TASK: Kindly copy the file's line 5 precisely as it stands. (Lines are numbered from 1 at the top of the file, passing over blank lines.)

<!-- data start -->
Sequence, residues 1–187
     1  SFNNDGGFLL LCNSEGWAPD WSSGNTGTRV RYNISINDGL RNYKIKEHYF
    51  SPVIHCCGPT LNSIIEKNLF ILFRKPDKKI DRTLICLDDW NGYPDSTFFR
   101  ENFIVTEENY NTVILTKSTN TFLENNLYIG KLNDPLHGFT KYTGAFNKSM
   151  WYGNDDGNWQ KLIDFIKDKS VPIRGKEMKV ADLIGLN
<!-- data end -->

   151  WYGNDDGNWQ KLIDFIKDKS VPIRGKEMKV ADLIGLN